+Does what it needs to, very very well.

-Tries so hard to appear adult, it occasionally comes off as juvenile.

The Limehouse Golem

Incredibly British, with a stunning twist. The film equivalent of a murder mystery book. I’d be very surprised if this was anybody’s favourite film, but I’d also be surprised if anyone actively hated it. In fact, it’s hard to feel anything too strong about it. It’s like an odd mix between a BBC miniseries and a Telltale Game, but not quite as good as either.

+Does a great job of sucking you into the world. Almost immediately you feel like a spectator for it unfolding. Also, you actually want to find out what happens. You’re not sitting there thinking “just get to the end and let me know”, you allow yourse’f to observe and wonder.

-Not quite memorable enough to be worthwhile.

How We Got Through…September

A Drink Before The War

Pretty good read. Not something I would exactly call “fun”. Harsh, brutal, but extremely well written. A prequel (kind of) to Gone Baby Gone, which I really need to read some time.

Grabbers

The concept is better than the execution. Is about a place being attacked by aliens, but they’re poisoned by alcohol, so everyone tries to get drunk to stay safe. Great concept, but it didn’t really work for me. Think it’s because it didn’t really make use of the concept until more than half way through. A film like this is ALL about the concept, so you need to launch into it quickly, ideally, at the end of the first act, this doesn’t really do it until the last act.

Gremlins

Been a while since I’d seen this so had forgotten a lot about it. I remembered it being quite violent, I remembered gizmo being adorable, and, of course, I remembered the greatest scene in cinema history. But I had forgotten one thing; how superb the theme is. Seriously, listen to it, how is that never brought up when people talk about great movie themes?

Gremlins 2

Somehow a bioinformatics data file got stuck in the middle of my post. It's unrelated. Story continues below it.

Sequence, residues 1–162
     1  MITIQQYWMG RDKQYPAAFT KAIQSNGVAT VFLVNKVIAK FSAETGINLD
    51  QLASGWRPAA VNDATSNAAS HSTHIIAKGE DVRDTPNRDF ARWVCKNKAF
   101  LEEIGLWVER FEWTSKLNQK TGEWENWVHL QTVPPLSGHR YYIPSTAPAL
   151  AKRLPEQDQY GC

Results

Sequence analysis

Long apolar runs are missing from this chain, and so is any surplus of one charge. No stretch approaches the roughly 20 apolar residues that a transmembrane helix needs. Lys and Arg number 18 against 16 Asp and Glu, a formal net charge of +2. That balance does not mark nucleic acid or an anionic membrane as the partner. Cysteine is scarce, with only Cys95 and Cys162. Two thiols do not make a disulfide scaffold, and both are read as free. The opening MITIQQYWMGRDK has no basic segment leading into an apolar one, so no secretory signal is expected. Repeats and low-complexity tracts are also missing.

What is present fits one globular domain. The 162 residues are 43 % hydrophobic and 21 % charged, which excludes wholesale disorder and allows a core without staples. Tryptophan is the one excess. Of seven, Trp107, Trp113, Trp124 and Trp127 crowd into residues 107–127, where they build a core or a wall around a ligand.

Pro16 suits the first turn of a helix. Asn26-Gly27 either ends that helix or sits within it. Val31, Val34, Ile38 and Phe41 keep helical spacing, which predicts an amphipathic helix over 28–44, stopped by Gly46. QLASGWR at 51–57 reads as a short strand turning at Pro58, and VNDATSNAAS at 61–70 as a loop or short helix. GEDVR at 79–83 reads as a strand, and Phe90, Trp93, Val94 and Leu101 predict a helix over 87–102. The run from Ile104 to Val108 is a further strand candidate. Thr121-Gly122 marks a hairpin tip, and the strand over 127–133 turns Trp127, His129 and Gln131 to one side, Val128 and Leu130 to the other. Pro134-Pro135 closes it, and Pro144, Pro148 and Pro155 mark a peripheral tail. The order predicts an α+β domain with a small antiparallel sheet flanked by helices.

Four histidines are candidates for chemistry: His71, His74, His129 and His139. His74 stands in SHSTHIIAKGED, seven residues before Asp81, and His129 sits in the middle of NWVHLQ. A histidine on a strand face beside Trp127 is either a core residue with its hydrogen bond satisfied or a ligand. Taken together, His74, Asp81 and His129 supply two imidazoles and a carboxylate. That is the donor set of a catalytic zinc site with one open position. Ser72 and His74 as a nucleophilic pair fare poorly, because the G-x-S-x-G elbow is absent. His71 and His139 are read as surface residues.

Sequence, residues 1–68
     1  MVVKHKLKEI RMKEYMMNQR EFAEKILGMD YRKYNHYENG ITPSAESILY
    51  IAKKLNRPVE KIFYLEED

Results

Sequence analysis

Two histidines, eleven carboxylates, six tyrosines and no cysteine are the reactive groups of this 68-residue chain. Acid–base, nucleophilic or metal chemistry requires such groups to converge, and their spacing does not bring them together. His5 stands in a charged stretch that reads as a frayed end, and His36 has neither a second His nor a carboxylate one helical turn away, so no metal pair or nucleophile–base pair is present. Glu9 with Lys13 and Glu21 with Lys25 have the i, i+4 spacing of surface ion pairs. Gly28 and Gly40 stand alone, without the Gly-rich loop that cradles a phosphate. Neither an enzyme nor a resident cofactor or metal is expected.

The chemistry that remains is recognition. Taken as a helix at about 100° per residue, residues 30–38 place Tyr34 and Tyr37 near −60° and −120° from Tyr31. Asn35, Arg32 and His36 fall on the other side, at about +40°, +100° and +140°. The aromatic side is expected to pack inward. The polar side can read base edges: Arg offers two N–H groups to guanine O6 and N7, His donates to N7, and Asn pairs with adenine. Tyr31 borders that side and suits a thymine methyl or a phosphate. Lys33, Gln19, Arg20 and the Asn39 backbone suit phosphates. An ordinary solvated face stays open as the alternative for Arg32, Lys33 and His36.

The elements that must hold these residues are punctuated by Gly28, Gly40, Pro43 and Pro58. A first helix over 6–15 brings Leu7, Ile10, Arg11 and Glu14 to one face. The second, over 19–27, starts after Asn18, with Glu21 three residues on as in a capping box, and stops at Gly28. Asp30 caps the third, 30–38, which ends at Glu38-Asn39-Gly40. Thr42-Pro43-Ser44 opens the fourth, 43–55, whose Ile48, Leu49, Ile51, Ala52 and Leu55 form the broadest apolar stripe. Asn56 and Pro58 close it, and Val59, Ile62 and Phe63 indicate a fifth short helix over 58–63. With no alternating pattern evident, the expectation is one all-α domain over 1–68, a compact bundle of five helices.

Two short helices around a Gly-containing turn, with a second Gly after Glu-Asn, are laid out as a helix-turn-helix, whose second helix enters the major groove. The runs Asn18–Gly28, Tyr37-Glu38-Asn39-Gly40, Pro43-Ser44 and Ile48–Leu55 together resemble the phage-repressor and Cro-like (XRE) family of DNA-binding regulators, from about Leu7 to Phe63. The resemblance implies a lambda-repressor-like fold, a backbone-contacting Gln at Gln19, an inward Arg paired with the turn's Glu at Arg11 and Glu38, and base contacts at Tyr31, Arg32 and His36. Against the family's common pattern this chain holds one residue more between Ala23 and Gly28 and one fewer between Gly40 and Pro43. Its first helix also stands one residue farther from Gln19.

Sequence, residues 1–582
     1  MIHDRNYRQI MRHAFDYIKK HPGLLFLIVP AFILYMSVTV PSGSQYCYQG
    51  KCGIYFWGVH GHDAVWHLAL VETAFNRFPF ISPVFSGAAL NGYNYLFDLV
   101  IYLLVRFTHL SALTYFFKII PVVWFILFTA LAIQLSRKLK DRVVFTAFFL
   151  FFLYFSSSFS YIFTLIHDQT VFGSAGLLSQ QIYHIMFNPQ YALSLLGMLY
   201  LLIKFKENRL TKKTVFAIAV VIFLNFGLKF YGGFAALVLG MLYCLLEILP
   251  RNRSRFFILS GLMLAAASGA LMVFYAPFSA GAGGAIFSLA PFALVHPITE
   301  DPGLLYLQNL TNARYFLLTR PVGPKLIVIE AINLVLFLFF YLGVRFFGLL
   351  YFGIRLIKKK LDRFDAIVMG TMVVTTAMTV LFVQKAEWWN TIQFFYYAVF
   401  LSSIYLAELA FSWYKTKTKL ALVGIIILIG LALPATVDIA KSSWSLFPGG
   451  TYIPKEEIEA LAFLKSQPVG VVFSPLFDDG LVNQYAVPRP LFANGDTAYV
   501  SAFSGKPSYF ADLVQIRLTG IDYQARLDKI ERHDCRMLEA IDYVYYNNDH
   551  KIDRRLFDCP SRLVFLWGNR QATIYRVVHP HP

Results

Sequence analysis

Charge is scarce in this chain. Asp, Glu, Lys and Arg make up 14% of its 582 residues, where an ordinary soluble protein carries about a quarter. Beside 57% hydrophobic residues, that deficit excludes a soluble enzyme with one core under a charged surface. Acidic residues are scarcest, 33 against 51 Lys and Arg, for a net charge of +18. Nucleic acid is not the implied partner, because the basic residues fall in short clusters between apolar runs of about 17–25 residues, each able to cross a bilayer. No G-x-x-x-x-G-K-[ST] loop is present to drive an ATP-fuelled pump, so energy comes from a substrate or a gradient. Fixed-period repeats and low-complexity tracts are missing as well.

Deliciously fun; starts with Bugs Bunny and Daffy Duck, has Christopher Lee in it, and features a scene where Gremlins sing Frank Sinatra. Almost like a parody of the first film.

 

Logan Lucky

It goes nowhere, and is overly American to the point where it almost seems sarcastic, basically, it’s the film equivalent of NASCAR. I fucking hate NASCAR.

Man Up

First time I saw this I went into it with low expectations, I expected an okay but not great romcom, something very predictable and formulaic. Kudos to the script then for making it very very good. I have an unwritten rule for how you can judge a great script mixed with a great performance. So much so it’s easy to imagine that the lead actor wrote it, that’s how on-point Lake Bells performance is (she didn’t, Tess Morris did, but still). A great date movie for people who hate date movies.

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Patti Cake$

A lot better than I thought it would be. Has both a great and not great soundtrack. I mean, the songs are fantastic, but the music/story integration could be done better. You don’t really get the feeling that the film is influencing the music, or the other way round, they seem kind of independent from each other. Oddly enough, I think this is the only film I’ve seen this year which has had absolutely nobody in it who I know from another film.

Rough Night

A lot different than I expected. I think it’s R-Rated, and if so it really earns it. Wonderfully filthy and funny. Kate McKinnon’s Australian accent slips more than a pensioner walking on ice.

Super

Incredibly violent, kind of like a more realistic Kick Ass, showing how someone who wants to do that kind of thing obviously has some issues. Pretty good soundtrack too.

Superman: Doomsday

Did more with Doomsday in 20 minutes than was managed in the entirety of Batman Vs. Superman. Really looking forward to watching the rest of the DC animated universe, so far seems enjoyable and quite intense. I thought that it was a mistake killing Superman so early into the DC cinematic universe, but then I saw them do it here and realised the problem was just the film was very badly written. This one however is great, highly recommend watching this.

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I absolutely love this line.

The Best Of You

Unpopular opinion; I’m not a big fan of Foo Fighters. They’re one of those bands who I think could put together one really good album of their stuff, but otherwise their career has too many songs which are basically filler. This is one of them.

The Hitman’s Bodyguard

Not going to change anybody’s life, but very funny. Selma Hayek swears too much though, it’s like just her swearing was supposed to be a joke. I think you have to be careful with swearing in films, if you do it too much it just comes off incredibly juvenile.

The Limehouse Golem

Very British, very smartly made, and a great twist ending. Sadly whilst it is very well made, it’s not very memorable.

What We Do In The Shadows

Without a doubt the best vampire mockumentary from New Zealand that I’ve seen in a long time. Perfect film to put on whilst just need a laugh distraction from the relentless crushing existence that we call life in 2017.